Electric bikes are still relatively new, so the laws are somewhat fuzzy depending on where you live. There are federal laws around ebike classes, which categorize the speed, power, and throttle levels. And in some instances, states or cities (in the U.S.) will require a helmet if you’re on a class III ebike that can go over 20 mph. Some other countries don’t allow ebikes to go over 20 mph.

Again, this differs depending on where you live, so you should check for yourself. Even without a helmet law in your city, state, or region, it’s still a good idea to wear an ebike helmet. This is especially true if you’re going fast or riding on the street.

What to Look For in an Ebike Helmet

Super73 ebike with a guy wearing a helmet.

Now that you know more about bike helmets and the potential dangers of going faster on a big, heavy, and powerful electric bike, you probably want a helmet. Good.

First and foremost, safety is the most important factor. We all want to look cool on a trail or match our bikes’ color, but safety is essential. On top of that, you’ll want to look for a few of these other features and find an ebike helmet that’s right for you.

A good bike helmet will have ventilation throughout. This is especially true if you ride somewhere hot, commute frequently, or use the bike for prolonged rides. You’ll find helmets with a few vented areas, while others have over 10+ cutouts for proper ventilation.

Weight is another important factor regarding comfortability, which will also aid in airflow. Just because a helmet is lightweight doesn’t mean it’s unsafe, but you’ll want something heavy-duty if you’re driving in dangerous conditions. Find something perfect for your riding needs.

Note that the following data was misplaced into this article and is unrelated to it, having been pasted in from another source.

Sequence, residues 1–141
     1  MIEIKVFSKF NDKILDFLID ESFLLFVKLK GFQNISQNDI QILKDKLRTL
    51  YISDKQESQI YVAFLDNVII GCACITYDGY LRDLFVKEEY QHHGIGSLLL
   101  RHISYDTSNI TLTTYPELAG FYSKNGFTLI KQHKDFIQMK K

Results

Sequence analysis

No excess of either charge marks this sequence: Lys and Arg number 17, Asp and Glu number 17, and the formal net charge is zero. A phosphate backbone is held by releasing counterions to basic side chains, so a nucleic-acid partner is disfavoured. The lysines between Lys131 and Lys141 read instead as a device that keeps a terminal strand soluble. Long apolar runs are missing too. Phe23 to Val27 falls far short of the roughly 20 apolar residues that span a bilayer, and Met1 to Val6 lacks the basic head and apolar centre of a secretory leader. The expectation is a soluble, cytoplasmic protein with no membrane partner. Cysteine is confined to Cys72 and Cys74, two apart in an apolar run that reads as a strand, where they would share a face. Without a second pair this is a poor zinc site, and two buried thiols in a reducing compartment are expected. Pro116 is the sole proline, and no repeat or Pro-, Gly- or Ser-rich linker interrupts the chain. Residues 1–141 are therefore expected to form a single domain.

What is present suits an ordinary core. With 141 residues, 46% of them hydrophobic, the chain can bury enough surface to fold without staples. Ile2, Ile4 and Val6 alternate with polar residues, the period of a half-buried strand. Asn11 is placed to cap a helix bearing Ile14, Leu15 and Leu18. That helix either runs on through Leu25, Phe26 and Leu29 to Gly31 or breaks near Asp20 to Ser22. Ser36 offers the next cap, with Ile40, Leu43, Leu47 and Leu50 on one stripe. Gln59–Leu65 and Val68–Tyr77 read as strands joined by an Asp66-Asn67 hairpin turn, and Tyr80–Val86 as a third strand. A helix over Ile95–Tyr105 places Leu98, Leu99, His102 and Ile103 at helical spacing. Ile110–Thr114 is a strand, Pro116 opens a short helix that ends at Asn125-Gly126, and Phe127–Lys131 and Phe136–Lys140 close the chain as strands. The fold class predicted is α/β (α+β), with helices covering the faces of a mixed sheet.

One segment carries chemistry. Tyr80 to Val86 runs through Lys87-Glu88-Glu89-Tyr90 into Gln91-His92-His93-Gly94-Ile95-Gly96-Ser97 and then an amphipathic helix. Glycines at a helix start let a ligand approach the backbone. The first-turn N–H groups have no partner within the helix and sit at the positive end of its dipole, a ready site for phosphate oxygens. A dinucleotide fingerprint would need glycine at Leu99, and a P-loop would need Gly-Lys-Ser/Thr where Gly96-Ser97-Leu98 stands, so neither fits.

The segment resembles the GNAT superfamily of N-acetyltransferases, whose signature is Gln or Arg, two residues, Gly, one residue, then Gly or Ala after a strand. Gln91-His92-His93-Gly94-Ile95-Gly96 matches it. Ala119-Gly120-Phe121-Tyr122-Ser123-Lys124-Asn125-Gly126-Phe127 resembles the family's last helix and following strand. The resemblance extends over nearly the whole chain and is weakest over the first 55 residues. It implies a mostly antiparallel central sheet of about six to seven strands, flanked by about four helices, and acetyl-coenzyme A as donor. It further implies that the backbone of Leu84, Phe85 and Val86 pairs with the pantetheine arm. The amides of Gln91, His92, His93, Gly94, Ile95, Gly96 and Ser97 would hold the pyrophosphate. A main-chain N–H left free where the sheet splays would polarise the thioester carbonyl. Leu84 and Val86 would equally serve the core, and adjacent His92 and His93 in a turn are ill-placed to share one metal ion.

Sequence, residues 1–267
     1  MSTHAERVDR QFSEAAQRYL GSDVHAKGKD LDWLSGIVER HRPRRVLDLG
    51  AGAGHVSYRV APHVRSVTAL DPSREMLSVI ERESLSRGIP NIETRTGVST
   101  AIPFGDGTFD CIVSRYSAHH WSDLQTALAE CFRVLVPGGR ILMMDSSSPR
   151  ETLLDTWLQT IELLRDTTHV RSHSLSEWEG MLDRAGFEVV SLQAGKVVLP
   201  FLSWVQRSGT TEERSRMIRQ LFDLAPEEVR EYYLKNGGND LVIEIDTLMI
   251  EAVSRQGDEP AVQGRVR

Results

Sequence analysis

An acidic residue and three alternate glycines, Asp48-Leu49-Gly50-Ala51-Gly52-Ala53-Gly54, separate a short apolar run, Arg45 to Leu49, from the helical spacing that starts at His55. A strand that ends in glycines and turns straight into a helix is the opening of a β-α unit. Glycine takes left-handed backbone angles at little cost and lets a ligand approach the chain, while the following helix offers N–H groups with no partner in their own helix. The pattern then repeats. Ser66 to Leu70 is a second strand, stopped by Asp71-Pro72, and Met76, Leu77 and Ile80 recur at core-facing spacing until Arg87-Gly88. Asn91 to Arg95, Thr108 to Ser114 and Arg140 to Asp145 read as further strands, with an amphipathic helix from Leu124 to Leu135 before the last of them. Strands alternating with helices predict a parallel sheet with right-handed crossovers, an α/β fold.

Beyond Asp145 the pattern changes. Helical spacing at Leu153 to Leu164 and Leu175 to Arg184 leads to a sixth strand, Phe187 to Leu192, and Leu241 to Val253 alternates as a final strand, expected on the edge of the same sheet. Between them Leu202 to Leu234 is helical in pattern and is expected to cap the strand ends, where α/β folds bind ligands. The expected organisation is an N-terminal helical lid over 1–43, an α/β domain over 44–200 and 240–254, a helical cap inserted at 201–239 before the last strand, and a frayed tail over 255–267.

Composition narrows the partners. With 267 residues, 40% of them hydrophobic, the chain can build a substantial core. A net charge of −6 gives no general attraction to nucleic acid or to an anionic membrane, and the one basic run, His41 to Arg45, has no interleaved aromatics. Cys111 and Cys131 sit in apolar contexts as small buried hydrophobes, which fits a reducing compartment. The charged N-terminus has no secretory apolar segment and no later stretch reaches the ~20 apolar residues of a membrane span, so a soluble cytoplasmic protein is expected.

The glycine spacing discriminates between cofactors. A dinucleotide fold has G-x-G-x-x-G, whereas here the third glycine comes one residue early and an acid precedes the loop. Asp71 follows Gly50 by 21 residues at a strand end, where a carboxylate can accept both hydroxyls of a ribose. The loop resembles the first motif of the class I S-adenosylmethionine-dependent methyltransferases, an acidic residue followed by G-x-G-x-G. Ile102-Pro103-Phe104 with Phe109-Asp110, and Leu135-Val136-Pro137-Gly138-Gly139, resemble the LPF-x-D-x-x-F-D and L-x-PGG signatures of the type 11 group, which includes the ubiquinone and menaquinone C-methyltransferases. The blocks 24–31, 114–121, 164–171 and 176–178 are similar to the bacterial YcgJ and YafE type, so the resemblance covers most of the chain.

A few other things you’ll want to consider are a helmet with MIPS, as we explained above, or a fancy helmet with built-in LED lighting. Most helmets with a headlamp or red tail lights have a lightweight built-in battery and offer several modes for increased visibility. I have a Lumos LED helmet and a full-face motorcycle option for intense trails.

What EBike Helmet to Buy?

Finally, I wanted to recommend a few ebike helmets for those in need. Again, you’ll want to weigh all the options and decide how much protection you need, figure out your budget, and find something suitable for your situation.

Remember, if you’re enjoying a fast fat tire ebike, getting something more durable and protective than your typical helmet is probably a good idea. That’s why I’ve recommended a motorcycle-style helmet below. If you take casual strolls around town or ride at night, grab a helmet with lighting to keep yourself safe. You can even get a motorcycle helmet with lights, giving you the best of both worlds.

So, buy one of these and get ready to hit the streets or trails once it arrives.

ILM Motorcycle Dual Visor Full Face LED Helmet

The ILM full-face helmet gives you plenty of protection, folds up for accessibility, plus offers a battery-powered rear LED for visibility, all under $100.

Giro Escape MIPS Adult Urban Cycling Helmet

While I recommend a full-face helmet for most ebike riders, Giro is a trusted name in cycling and offers a quality MIPS helmet with front and rear lights.

Thousand Chapter MIPS Bike Helmet

Thousand makes stylish, safe, and comfortable helmets. The Chapter collection is lightweight, includes MIPS, and some even have built-in lighting.

BELL Sanction Adult Full Face Bike Helmet

Bell is another well-known name in the bike industry. This full-face helmet offers plenty of protection and ventilation and is DOT-approved.

Giro Bexley MIPS Adult Urban Cycling Helmet

If you don't want a full face helmet but still want industry-leading protection, the Giro Bexley has MIPS technology, a face and eye shield, and LED lighting for visibility in a stylish package.

Cory Gunther Cory Gunther
Cory Gunther has been writing about phones, Android, cars, and technology in general for over a decade. He's a staff writer for Review Geek covering roundups, EVs, and news. He's previously written for GottaBeMobile, SlashGear, AndroidCentral, and InputMag, and he's written over 9,000 articles. Read Full Bio »